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B.C. murder hornet remains believed connected with recent Washington infestation

Expert: good chance specimen related to previous find, meaning reduced cause for concern
A Washington State Department of Agriculture worker holds two of the dozens of Asian giant hornets vacuumed from a tree in Blaine, Wash., on October 24, 2020. THE CANADIAN PRESS/AP, Elaine Thompson

The remains of a giant hornet have been found in British Columbia, but the province’s bee expert doubts there is any cause for alarm.

Paul van Westendorp says the Asian giant hornet, sometimes known as a “murder hornet,” was found recently on the B.C. side of the border with Washington state, not far from the area in Whatcom County where four giant hornets’ nests were recently located and destroyed.

Van Westendorp says the hornet found in B.C. was roughly 2.3 centimetres, less than half the size of a large mating queen, and it likely originated from one of the destroyed U.S. nests.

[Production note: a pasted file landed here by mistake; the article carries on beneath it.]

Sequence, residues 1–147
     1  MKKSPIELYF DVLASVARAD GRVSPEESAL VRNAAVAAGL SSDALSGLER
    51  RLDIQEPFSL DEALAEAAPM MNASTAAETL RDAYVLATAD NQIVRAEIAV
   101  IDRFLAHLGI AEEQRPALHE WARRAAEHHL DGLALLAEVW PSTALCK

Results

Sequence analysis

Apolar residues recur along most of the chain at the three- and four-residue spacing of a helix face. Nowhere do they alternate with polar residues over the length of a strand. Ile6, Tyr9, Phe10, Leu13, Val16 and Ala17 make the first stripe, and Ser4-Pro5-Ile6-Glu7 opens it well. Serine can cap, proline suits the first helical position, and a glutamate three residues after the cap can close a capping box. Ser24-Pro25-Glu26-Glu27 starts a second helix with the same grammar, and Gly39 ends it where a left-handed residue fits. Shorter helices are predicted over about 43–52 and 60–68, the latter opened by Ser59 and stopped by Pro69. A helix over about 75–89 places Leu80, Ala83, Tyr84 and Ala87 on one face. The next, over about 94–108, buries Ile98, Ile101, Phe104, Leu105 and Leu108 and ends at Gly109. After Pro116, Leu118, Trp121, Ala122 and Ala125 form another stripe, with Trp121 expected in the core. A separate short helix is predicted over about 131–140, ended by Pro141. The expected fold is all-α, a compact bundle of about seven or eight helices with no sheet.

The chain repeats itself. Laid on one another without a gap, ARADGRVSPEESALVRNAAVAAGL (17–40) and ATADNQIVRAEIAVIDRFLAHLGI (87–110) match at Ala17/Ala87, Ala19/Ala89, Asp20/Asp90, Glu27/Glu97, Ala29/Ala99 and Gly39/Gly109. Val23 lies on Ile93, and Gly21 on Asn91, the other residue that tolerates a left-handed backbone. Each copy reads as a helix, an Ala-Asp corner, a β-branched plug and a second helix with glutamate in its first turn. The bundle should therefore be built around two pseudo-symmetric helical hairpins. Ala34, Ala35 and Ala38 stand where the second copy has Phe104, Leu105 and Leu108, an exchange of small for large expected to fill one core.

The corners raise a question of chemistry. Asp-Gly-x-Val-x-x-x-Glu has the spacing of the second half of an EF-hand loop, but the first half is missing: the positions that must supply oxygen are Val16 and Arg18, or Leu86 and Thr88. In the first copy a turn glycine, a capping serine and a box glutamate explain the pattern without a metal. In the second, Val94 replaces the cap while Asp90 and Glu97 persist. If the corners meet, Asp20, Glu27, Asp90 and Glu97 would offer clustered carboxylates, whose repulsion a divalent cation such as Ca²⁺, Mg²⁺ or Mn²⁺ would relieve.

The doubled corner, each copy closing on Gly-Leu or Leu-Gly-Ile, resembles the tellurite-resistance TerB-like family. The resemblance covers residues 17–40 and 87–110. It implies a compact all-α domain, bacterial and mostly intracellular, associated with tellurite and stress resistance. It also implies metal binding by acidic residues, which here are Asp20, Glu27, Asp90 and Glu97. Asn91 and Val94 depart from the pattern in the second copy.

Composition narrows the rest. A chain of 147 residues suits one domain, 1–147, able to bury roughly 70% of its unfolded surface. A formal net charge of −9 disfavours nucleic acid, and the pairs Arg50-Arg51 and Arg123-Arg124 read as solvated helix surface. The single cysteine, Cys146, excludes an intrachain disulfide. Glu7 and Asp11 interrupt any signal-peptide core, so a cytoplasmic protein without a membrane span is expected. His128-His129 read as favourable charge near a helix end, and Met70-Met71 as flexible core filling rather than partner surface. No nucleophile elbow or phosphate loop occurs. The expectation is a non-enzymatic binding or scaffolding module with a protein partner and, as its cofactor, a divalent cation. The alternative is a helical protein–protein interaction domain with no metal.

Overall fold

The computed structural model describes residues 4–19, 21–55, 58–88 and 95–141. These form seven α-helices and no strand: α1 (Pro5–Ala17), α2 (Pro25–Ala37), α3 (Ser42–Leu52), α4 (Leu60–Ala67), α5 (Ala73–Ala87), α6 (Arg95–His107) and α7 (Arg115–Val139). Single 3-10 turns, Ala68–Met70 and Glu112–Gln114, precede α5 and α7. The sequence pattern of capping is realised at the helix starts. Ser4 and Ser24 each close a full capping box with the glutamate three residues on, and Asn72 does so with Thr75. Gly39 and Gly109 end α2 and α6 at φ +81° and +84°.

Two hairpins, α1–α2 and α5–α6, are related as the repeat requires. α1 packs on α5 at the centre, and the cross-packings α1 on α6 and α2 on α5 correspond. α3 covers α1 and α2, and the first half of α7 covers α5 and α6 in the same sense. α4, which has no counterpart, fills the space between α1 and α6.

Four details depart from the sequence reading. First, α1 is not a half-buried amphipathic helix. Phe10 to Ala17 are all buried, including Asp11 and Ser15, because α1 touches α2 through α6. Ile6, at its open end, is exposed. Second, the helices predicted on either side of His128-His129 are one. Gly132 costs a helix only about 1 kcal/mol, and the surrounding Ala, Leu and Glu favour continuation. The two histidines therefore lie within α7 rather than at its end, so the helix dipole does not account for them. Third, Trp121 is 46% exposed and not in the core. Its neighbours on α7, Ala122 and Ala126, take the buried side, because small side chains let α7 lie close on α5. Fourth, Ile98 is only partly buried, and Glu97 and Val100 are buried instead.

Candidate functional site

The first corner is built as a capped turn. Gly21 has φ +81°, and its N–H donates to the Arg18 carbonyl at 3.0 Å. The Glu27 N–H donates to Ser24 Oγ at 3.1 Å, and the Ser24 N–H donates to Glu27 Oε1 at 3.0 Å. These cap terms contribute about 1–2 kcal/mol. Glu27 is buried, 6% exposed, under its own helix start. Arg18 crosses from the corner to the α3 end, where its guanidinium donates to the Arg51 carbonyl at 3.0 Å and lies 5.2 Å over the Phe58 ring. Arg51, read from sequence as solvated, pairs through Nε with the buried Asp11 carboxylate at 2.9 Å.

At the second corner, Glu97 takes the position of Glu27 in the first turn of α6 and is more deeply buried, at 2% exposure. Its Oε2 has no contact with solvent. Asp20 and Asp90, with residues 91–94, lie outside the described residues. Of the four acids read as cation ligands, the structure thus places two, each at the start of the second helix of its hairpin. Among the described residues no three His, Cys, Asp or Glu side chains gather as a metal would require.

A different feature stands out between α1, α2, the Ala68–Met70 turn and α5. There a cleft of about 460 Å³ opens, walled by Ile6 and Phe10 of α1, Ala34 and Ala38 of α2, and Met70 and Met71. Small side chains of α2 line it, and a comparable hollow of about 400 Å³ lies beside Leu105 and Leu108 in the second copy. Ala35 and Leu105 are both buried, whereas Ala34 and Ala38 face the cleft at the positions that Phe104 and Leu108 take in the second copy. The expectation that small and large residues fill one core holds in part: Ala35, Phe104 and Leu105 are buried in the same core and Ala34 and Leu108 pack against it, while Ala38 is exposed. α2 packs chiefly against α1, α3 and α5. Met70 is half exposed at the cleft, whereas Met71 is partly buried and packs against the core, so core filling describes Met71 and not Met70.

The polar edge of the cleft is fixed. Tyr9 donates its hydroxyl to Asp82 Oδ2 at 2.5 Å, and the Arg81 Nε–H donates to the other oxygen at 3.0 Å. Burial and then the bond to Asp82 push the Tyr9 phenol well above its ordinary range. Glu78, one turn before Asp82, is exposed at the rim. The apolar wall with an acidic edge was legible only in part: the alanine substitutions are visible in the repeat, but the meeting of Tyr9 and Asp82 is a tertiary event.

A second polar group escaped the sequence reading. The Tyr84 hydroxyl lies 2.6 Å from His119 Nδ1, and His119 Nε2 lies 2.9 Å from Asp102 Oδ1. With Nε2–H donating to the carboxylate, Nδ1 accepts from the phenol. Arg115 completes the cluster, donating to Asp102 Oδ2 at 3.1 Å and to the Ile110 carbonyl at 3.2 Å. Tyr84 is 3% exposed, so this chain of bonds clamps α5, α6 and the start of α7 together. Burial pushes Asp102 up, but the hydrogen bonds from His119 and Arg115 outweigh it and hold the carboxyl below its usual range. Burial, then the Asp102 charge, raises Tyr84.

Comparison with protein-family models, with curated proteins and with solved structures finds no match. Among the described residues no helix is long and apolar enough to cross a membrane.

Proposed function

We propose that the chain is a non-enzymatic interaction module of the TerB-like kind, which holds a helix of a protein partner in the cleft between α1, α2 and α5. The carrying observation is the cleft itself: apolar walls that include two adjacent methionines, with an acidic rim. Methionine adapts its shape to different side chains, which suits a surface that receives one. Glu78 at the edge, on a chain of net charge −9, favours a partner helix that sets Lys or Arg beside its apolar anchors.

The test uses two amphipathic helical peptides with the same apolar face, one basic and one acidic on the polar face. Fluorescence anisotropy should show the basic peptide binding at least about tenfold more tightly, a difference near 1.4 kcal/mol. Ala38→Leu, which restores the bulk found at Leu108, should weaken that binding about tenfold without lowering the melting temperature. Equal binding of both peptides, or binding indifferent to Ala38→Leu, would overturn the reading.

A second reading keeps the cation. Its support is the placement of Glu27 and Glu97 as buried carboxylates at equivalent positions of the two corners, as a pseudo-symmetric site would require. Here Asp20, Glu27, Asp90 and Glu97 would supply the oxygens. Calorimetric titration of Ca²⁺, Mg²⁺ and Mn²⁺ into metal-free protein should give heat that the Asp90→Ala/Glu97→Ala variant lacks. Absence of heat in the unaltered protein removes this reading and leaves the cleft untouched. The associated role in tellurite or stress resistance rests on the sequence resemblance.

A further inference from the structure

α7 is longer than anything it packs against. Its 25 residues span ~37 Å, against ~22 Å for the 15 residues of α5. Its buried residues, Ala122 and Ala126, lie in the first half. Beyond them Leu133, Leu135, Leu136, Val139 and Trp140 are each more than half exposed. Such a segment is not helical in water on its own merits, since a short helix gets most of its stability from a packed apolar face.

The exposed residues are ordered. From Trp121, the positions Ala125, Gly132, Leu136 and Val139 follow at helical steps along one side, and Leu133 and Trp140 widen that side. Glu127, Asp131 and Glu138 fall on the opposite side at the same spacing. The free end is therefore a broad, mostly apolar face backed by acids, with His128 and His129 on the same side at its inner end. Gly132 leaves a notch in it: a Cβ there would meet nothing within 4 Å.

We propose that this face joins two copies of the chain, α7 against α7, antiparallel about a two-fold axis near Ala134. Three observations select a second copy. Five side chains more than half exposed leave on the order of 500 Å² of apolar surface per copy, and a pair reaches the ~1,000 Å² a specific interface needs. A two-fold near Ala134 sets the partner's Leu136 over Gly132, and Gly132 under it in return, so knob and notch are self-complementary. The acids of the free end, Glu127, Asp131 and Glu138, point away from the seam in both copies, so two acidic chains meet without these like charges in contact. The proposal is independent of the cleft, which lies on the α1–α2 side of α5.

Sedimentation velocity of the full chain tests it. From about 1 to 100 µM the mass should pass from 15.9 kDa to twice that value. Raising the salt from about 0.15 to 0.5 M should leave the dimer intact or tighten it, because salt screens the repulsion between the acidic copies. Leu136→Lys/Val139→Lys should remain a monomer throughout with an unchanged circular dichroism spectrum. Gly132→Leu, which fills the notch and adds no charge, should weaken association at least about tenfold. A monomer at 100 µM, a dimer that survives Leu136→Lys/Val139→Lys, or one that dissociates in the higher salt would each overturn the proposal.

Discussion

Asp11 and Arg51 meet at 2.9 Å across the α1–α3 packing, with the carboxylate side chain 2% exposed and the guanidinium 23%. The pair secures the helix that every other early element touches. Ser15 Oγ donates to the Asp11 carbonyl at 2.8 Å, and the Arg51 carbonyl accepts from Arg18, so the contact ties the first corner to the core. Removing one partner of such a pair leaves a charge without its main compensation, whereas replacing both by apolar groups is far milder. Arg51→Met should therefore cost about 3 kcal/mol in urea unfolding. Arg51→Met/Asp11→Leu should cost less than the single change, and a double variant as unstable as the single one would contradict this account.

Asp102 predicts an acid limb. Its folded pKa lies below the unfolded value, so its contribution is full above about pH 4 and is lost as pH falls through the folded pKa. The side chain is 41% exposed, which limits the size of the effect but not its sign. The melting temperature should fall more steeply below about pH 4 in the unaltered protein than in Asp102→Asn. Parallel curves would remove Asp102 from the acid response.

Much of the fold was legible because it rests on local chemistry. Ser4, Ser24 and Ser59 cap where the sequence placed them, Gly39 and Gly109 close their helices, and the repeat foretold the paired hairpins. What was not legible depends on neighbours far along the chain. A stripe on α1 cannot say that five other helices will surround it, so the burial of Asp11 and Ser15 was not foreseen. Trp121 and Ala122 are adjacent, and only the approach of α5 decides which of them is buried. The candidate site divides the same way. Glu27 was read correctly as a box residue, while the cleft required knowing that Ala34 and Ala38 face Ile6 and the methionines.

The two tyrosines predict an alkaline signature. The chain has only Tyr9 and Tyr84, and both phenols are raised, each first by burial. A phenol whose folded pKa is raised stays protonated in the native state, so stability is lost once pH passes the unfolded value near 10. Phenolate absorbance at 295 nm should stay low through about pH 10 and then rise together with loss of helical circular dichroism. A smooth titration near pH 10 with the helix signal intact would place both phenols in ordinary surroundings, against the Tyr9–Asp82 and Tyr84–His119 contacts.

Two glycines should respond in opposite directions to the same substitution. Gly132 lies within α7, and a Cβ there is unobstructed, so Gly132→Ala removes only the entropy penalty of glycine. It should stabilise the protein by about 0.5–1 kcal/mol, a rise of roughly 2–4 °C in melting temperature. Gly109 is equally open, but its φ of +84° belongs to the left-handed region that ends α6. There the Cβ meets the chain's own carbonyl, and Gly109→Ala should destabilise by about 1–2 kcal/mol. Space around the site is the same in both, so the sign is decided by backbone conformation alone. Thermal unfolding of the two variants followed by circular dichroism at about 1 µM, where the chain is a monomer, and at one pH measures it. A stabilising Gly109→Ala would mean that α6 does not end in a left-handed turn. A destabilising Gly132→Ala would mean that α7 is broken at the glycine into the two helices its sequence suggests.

The remains of what van Westendorp says was a “severely degraded specimen” has been sent to Ottawa for DNA extraction, which he expects will confirm the hornet is from one of the U.S. nests, which are all interrelated.

He says there will be much more concern If DNA shows the hornet is unrelated to the American nests, because it would increase the chance that the invasive pests are breeding and spreading.

Giant hornets, originally from Asia, are the world’s largest hornets and a small group of them can kill an entire honeybee hive in a matter of hours.

—The Canadian Press

RELATED: After another ‘Murder Hornet’ nest in Whatcom County gets eradicated, are there more?